Jamie Stone participated in the Cross Channel Film Lab in 2013.   You can find out more about him and his project The Incredible Voyage of Dullwich-on-Sea over here or by watching the film below.  The visual effects for this project were developed in the CCFL with Bournemouth University students, led by Melania Fodritto, lecturer in compositing at the University.

We asked Jamie about his career so far and his experience of the Lab.

Your films all have a very distinct and engaging vision – what’s the development process for the visual effects elements and has that changed since going through the Cross Channel Film Lab?

In my shorts I’ve always tried to create fantastical worlds that are somehow linked to what the characters are going through: a post-apocalyptic world of perpetual fog for two characters that are lost, a village stuck in low earth orbit for a character who feels trapped.

The visual look of these worlds is a big part of the story and it’s vital to get right.  Perhaps because the story worlds are so often rustic or dilapidated, I’ve always chosen to hand-make as many effects for real as possible.  Maybe it’s just me but it feels like practical effects have a kind of innate warmth to them that I haven’t been able to get any other way.  I’ve used miniatures, matte paintings, high-speed photography, forced perspective and good old fashioned fishing wire to make some of my effects, but the exciting thing about doing this now is that modern cameras and compositing software lets you take these old techniques that might look ropey on their own, and tweak them, meld them, and make them look better than they did in their heyday.

You’ve made some very successful short films – what are you finding to be the biggest challenges of making the transition from short to feature?

Finding or writing the perfect script has been the biggest challenge for me.  I’ve always written my own shorts and most of them I wrote very quickly, often getting the first draft down in one sitting.  You can’t do that with features so I’ve found the process of getting from idea to treatment to script harder.  You get a few pages down, then start to doubt yourself and delete them again.  Fortunately I’m working with some fantastic writers now which is brilliant as it’s allowing me to be away shooting TV drama while our feature projects continue to develop.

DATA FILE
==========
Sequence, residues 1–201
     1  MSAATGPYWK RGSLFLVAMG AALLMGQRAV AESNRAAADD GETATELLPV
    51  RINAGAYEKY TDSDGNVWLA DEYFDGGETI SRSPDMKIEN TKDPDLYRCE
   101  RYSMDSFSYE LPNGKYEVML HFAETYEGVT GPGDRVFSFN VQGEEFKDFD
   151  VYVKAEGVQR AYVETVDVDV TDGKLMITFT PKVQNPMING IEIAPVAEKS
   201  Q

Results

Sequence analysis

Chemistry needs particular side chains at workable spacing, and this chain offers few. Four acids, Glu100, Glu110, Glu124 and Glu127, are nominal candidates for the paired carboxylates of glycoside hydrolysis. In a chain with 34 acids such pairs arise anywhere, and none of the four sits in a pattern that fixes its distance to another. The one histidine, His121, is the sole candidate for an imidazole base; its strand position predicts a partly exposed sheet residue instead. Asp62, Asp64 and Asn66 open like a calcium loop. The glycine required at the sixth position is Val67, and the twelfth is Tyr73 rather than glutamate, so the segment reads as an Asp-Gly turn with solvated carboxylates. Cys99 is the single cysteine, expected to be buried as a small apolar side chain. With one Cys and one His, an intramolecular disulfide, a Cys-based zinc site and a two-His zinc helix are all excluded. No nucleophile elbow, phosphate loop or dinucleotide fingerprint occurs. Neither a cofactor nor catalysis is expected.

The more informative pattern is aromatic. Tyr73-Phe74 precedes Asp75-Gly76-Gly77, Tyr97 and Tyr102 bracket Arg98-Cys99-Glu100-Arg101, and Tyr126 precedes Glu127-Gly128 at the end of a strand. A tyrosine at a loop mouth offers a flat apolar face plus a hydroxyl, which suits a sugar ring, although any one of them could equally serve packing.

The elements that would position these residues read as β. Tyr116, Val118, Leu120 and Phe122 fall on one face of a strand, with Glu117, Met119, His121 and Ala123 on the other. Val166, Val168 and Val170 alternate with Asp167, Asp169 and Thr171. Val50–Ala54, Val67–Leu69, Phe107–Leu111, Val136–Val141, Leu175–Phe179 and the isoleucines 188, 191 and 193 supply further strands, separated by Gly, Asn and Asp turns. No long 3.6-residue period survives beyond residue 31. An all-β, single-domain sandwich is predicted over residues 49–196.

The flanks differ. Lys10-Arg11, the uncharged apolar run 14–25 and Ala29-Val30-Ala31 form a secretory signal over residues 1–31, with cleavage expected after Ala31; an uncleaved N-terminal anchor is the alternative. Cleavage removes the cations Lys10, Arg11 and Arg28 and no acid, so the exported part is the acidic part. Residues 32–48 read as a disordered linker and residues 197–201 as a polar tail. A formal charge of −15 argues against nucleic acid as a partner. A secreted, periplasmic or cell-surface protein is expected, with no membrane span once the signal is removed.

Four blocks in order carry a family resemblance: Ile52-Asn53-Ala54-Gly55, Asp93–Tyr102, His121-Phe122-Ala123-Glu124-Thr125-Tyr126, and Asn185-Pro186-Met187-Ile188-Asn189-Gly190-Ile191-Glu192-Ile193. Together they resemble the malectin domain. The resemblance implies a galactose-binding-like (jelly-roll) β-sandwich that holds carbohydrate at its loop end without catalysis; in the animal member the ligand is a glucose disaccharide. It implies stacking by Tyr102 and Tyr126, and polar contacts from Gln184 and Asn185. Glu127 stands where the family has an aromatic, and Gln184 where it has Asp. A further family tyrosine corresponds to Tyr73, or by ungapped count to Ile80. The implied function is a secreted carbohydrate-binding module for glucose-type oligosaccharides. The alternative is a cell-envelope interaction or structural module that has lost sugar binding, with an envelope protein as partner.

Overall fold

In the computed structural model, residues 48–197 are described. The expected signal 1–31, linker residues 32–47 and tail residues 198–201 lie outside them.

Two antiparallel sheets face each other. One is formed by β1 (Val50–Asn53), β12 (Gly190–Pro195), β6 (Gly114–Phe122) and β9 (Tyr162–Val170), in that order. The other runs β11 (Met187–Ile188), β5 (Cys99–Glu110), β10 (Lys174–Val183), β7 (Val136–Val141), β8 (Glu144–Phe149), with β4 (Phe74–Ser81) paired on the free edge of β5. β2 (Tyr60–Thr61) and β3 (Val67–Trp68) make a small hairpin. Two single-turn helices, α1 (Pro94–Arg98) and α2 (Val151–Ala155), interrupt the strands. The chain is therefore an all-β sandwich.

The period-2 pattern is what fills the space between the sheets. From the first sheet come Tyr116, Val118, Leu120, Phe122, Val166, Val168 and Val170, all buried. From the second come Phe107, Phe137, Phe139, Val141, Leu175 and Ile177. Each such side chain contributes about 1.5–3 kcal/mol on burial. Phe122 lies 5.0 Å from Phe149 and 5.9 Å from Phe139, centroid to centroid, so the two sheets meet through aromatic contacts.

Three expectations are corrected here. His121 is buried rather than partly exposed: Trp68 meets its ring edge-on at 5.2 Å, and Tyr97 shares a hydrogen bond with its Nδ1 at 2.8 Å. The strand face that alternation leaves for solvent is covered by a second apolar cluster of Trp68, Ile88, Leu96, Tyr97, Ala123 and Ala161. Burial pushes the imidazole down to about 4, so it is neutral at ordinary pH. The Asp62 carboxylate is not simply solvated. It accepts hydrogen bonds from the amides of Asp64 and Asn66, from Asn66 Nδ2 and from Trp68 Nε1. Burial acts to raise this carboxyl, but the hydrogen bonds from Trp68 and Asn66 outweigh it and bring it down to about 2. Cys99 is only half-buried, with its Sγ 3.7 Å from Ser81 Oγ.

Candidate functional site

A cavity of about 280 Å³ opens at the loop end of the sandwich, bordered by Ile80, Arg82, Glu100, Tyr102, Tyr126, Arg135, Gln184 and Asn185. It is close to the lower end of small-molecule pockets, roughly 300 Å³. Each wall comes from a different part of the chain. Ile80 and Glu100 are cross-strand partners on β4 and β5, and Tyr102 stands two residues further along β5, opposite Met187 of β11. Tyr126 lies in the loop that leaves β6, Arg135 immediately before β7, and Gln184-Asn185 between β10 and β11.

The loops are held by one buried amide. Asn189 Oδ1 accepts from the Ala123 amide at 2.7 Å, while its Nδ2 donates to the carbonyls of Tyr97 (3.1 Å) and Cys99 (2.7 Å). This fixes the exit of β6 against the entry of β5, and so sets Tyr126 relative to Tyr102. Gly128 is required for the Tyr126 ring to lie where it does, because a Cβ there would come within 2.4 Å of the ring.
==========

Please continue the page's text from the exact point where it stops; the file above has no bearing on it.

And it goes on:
What was the most interesting thing that you explored in the Cross Channel Film Lab?  How did the VFX exploration affect how you will approach the story going forward (i.e. tone, style, theme)?

Our story was based around the idea of a floating island escaping an encroaching city.  It’s a fantastical premise, but actually seeing it visualised made us re-evaluate the rules on which the world would be built.  It’s such a departure from reality, that for it to work as a live-action piece, it made us consider structuring the story around a narrator who is deliberately embellishing the truth – a little bit like Peter Falk in The Princess Bride.

What advice would you give a filmmaker hoping to make a feature film with a distinct VFX vision on a low budget?

Start learning software as early as possible.  It’s advice I haven’t really followed myself and I’m now playing catch up.  I can get by enough on After Effects but I wish I was better.  The more you can do yourself the better, and when you work on something sizeable where you have a VFX team, you’ll have a better idea of how to work with them and what and how to shoot what they need.

What are you working on right now?

I’m attached to a small number of feature projects which are at various stages of development with different writers.  At the same time I’ve been focusing on TV drama a lot over the past year. I t’s been a very refreshing experience working with larger budgets on scripts I haven’t written or been part of.  I’m really enjoying it, and am currently working on a new comedy/drama for E4.


CCFL Training Online Programme 2015 is open for applications.  To find out more about this unique programme, visit this page.

This interview has also featured on the Creative England website.

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